Rec'd via the publisher for review.
From Publishers Weekly
Starred Review. Lofts (The Concubine) returns to characteristic concerns with this rich historical fiction, focusing on the lute player and companion to Richard the Lionhearted, Blondel. King Richard is loved desperately by his wife, Berengaria; she, in turn, is loved by Blondel; Blondel, meanwhile, has caught the eye of Berengaria's hunchbacked sister, Anna Apieta. Richard, however, neglects his wife in favor of his true love—his Crusade—as well as his lesser loves (other men). For Berengaria's sake, Blondel follows Richard on his failed attempt to capture Jerusalem, as well as his journey back to England, leaving only when Richard is captured. Through his eyes and three others'—Berengaria's, Eleanor of Aquitaine's and Anna's—the Crusades and Richard himself are addressed from a number of unfamiliar angles. Humanizing the legend of Richard without cheapening his legacy, Lofts also portrays the oppression inherent in the life of a privileged woman as easily as she dissects the horrors of war. Exquisite and triumphant, this deep look into Richard's world will dazzle those familiar with the period. (Dec.)
Copyright © Reed Business Information, a division of Reed Elsevier Inc. All rights reserved.
History has been truly kind to Richard the Lionheart. He’s remembered as the great medieval king of England, a man of honor and bravery who led a crusade to free the Holy Land from the Saracens. He’s a real hero revered for his justice and military skills…but when looking at his actual history one has to ask the question why? Yes, he was a great military leader. But this is a king who spent less than a year on the island he ruled, couldn’t speak the native tongue of his people, and nearly bankrupted his people to finance his war and, after his capture by a rival potentate, to pay off his ransom. So why is this king so beloved?
The Lute Player succeeds in bringing this contradictory king to life through the eyes of three main narrators: Anna of Apieta, the crippled half-sister of Richard’s wife; Eleanor of Aquitaine, Richard’s mother; and Blondel, a court musician who begins his service with Anna but later accompanies Richard on his travels in the Holy Land. Each narrator brings his or her own biases to their vision of Richard. Anna meets Richard when he comes to joust at the court of her father, the King of Navarre, and her sister Berengaria falls madly in love with him. Although he is engaged to another woman, Richard eventually marries Berengaria. It soon becomes clear, however, that he did so only to get her dowry to finance the crusade to re-take Jerusalem, Richard’s true passion. When he leaves, Berengaria sends her musician Blondel with Richard to keep him safe and keep her apprised of his condition. Blondel, desperately in love with Berengaria, does as his mistress commands and chronicles their adventures in the Holy Land. Any romantic notions about the glory of the Crusades are removed by the accounts of disease and depravation that wear down the army far more effectively than the Saracens, but even in the midst of suffering Richard maintains a determination and bravery that makes him seem worthy of his legendary status…until the cruel way he ignores his wife and his people resurfaces again.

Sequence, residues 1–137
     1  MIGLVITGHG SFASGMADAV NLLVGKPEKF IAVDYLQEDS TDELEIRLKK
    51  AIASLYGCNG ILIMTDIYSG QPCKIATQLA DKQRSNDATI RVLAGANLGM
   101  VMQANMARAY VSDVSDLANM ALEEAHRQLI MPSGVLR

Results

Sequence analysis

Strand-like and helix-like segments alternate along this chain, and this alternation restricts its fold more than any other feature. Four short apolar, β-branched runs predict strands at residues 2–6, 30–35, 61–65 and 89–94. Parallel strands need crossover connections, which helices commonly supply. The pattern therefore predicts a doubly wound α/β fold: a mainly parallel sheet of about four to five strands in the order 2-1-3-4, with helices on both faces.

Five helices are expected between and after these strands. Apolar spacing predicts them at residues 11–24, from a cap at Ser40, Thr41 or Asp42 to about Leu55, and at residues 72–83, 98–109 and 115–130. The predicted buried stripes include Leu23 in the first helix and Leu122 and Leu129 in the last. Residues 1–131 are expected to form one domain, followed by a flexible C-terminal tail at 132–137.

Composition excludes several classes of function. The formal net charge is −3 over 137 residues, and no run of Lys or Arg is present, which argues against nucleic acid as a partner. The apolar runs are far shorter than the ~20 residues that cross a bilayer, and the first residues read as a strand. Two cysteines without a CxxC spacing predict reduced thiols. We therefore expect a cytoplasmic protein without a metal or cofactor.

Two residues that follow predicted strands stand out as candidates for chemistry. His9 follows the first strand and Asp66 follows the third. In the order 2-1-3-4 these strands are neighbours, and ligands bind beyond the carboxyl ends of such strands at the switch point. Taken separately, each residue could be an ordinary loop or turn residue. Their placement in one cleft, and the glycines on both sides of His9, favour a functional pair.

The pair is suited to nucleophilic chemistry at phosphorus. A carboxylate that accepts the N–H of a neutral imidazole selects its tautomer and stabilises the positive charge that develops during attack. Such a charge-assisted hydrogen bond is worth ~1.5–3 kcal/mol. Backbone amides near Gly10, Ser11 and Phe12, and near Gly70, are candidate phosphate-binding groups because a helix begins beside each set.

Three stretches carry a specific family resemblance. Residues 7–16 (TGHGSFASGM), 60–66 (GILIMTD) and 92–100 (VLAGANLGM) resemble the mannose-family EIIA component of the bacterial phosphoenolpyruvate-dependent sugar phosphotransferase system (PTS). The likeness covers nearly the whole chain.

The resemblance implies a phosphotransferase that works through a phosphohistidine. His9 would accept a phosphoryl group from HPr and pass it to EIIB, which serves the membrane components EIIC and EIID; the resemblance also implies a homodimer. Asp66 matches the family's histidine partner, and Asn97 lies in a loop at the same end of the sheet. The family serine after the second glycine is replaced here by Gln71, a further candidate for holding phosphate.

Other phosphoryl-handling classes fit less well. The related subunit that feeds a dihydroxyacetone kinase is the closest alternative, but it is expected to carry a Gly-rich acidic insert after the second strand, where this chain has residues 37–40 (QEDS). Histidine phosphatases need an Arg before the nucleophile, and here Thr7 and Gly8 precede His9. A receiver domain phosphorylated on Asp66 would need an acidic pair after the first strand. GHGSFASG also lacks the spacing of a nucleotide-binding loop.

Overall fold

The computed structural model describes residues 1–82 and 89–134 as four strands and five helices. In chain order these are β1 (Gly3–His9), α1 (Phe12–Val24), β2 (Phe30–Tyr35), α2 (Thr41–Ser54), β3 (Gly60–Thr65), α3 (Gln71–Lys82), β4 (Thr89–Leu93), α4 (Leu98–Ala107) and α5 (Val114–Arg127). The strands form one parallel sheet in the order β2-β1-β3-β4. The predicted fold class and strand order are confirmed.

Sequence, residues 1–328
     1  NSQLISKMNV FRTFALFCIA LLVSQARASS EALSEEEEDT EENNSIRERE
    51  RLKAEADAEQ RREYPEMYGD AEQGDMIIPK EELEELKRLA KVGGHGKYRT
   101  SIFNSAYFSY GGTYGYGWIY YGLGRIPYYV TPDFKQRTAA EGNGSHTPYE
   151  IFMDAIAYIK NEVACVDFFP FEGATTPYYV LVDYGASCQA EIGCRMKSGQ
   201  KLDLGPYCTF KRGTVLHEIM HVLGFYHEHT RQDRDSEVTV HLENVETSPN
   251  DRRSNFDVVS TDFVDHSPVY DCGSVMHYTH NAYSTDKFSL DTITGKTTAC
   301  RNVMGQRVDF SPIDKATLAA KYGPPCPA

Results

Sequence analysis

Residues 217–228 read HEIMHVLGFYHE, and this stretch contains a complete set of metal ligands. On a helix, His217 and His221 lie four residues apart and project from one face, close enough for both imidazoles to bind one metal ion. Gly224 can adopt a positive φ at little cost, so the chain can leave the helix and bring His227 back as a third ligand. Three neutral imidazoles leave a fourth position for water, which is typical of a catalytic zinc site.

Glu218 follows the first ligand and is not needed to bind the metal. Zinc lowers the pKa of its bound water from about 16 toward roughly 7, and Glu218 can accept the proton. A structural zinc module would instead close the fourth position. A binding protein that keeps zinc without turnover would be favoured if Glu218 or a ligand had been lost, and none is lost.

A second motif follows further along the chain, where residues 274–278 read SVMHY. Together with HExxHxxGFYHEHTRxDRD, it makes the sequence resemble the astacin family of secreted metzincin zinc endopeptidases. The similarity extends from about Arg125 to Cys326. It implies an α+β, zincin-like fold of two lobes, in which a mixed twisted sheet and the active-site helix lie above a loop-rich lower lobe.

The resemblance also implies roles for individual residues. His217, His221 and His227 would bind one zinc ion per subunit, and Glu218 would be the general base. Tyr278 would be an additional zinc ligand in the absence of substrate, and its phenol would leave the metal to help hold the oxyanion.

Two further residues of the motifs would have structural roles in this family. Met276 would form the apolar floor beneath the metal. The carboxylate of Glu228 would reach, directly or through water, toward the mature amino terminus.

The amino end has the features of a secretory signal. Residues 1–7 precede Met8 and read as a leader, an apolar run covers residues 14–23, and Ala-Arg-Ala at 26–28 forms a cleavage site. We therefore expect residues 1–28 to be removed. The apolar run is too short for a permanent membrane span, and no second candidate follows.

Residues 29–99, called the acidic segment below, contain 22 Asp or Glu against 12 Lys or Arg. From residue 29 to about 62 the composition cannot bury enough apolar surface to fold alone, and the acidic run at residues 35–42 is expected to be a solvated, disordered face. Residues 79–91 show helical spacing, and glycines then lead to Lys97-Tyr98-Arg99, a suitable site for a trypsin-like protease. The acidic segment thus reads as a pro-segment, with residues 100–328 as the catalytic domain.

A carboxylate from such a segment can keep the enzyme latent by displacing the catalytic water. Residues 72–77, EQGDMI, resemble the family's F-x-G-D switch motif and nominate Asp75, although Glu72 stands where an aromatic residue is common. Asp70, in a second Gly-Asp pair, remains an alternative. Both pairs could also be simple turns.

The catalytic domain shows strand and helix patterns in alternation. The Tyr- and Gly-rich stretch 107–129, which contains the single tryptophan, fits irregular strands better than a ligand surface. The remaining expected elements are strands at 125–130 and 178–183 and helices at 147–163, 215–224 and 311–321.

Ultimately Norah Lofts shows Richard for the flawed and egotistical man that he was, but she doesn’t vilify him. Her deep exploration into his character makes the novel seem quite modern, even though it was originally published in 1951. At one point she suggests that Richard’s coldness to Berengaria may have been because he was homosexual. For a good, proper Englishwoman writing in the 1940s, I honestly would not have expected that particular twist in the book. But from what little evidence we have from his life, it’s certainly a plausible explanation for some of his behavior.
Thoroughly engrossing, The Lute Player had me completely absorbed from the first few pages. There’s a focus on the Big Plot of the Crusade of Richard the Lionheart, and he’s still the star of the show. But it’s all the little day-to-day conversations and relationships between the ‘minor’ characters like Anna and Blondel and Berengaria - the ones actually telling the story – that really make this novel interesting and bring the world of Medieval Europe to life.